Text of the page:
Assessment of myocardial viability in patients with heart failure

Arend F L Schinkel, Don Poldermans, Abdou Elhendy, Jeroen J Bax
Journal of Nuclear Medicine 2007, 48 (7): 1135-46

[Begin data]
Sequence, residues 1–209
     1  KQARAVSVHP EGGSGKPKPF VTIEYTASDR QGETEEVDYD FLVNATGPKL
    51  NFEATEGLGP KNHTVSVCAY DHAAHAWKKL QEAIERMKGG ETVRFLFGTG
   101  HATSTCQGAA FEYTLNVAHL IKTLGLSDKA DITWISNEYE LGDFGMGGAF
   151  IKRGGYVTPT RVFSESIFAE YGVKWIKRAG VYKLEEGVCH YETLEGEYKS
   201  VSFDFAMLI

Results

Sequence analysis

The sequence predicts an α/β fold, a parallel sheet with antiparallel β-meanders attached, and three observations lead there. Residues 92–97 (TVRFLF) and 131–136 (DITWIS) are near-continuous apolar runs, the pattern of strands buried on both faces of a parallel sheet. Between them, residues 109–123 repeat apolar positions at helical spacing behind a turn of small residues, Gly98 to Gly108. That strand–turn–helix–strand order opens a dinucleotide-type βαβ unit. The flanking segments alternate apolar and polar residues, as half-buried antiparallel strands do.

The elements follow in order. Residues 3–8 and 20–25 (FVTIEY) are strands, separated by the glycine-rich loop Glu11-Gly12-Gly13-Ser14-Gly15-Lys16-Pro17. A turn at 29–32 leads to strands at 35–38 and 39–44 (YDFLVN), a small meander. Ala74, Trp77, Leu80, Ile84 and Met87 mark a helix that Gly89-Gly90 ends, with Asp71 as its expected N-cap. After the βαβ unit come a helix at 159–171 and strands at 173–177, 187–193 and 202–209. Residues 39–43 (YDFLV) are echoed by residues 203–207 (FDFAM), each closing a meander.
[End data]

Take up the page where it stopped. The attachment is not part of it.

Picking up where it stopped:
The prognosis for patients with chronic ischemic left ventricular dysfunction is poor, despite advances in different therapies. Noninvasive assessment of myocardial viability may guide patient management. Multiple imaging techniques have been developed to assess viable and nonviable myocardium by evaluating perfusion, cell membrane integrity, mitochondria, glucose metabolism, scar tissue, and contractile reserve. PET, (201)Tl and (99m)Tc scintigraphy, and dobutamine stress echocardiography have been extensively evaluated for assessment of viability and prediction of clinical outcome after coronary revascularization. In general, nuclear imaging techniques have a high sensitivity for the detection of viability, whereas techniques evaluating contractile reserve have a somewhat lower sensitivity and a higher specificity. MRI has a high diagnostic accuracy for assessment of the transmural extent of myocardial scar tissue. Patients with a substantial amount of dysfunctional but viable myocardium are likely to benefit from coronary revascularization and may show improvements in regional and global contractile function, symptoms, exercise capacity, and long-term prognosis.

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